The Warsaw Ghetto Uprising, which is famous for its month-long resistance struggle against the Germans in April/May of 1943, actually began with an initial uprising on 12 Shevat 5703 (January 18, 1943).

When the Germans began the process of liquidating the Warsaw Ghetto, one of the largest concentrations of Jews in Poland, hundreds of thousands of Jews were herded off to Treblinka or to other concentration camps. There were small pockets of resistance within the ghetto, but the ability to fight back successfully was not feasible.

As the Jews realized the astonishing rates of deportation, averaging 5,000 per day, their despair turned into rage, a rage that enabled them to fight, even though there was no hope of winning. The primary organization responsible for the Warsaw Ghetto uprising was the Jewish Fighting Organization (Żydowska Organizacja Bojowa; ZOB). The initial resistance on January 18, 1943 (12 Shevat) interfered with deportations for three days, after which deportations were put on hold until April. This was, after all, the first time the Germans had ever encountered serious organized resistance.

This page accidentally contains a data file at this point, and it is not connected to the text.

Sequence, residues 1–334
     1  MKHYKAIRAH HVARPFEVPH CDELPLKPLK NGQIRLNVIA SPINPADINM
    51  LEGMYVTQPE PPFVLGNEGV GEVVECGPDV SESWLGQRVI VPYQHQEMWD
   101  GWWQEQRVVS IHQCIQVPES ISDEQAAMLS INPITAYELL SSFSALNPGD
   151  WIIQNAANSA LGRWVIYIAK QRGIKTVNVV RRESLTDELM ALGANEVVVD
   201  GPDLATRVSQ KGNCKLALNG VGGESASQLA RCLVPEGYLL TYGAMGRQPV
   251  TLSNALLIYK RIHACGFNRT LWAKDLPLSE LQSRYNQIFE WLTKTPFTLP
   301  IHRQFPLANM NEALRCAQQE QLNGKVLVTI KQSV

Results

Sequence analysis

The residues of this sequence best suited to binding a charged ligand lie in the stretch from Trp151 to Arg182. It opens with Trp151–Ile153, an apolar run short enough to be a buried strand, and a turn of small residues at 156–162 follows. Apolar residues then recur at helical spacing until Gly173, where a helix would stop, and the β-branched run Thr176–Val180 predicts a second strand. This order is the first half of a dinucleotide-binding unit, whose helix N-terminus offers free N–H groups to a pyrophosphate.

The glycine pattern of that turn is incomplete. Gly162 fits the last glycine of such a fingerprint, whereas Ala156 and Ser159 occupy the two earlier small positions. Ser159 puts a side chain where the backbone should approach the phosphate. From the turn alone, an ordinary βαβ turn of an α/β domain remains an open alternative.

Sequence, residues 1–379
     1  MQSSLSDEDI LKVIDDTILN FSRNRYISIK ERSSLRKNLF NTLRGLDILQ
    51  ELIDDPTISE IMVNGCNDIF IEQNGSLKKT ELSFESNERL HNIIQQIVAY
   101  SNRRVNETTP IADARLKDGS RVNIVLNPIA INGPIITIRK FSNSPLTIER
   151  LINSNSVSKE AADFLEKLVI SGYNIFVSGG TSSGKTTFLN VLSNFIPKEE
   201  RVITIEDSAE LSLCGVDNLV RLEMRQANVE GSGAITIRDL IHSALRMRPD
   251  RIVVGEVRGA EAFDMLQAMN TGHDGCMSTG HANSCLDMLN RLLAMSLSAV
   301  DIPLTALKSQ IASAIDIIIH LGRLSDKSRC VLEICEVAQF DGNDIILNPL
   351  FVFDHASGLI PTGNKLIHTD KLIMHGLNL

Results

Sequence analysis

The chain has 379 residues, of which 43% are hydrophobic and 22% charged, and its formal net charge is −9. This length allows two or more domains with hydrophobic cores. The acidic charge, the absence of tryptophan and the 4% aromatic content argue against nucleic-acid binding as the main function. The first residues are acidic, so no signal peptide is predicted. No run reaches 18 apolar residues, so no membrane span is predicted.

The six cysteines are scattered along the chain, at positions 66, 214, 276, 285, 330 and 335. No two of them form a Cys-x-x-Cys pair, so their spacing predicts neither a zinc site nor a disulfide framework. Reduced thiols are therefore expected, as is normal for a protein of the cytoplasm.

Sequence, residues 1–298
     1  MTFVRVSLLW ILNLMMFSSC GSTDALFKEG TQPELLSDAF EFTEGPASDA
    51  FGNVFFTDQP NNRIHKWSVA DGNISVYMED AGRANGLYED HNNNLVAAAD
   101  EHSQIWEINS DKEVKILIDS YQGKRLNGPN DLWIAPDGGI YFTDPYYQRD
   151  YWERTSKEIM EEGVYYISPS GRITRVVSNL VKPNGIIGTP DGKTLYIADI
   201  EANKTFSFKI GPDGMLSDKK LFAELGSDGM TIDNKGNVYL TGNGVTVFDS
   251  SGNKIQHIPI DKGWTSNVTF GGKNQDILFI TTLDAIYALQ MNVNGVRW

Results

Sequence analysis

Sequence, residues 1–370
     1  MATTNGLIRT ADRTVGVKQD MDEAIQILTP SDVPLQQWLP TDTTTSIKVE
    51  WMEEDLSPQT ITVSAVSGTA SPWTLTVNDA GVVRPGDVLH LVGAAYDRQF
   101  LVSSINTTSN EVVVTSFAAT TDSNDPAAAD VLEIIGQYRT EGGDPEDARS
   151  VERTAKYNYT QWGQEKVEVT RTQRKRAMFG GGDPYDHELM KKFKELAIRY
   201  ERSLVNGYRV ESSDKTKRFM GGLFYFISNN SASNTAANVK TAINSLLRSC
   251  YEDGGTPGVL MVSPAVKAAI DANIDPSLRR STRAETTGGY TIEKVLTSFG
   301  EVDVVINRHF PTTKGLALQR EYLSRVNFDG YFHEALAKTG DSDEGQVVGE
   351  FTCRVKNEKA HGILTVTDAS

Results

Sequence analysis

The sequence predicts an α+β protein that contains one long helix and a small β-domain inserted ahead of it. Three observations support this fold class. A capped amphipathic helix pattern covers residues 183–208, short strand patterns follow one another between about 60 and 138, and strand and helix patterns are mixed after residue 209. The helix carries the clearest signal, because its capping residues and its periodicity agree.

By then, there were fewer than 60,000 Jews left in the ghetto. The ZOB used the time after the initial attack to prepare. They trained with whatever weapons were available and built an extensive system of underground bunkers in which the Jews could hide.

On April 19, 1943, the Nazis resumed the liquidation of the ghetto, and met with stiff resistance. It took the vaunted S.S. and the Wehrmacht nearly a month to destroy the ragtag, starving army of Jews who had almost no military experience and fought with a hodgepodge of weapons. Some 300 German soldiers were killed.

Not until almost an entire month later, May 16, 1943, did the Germans finally declare the fighting over, blowing up the Great Synagogue as a symbol of their “victory.”

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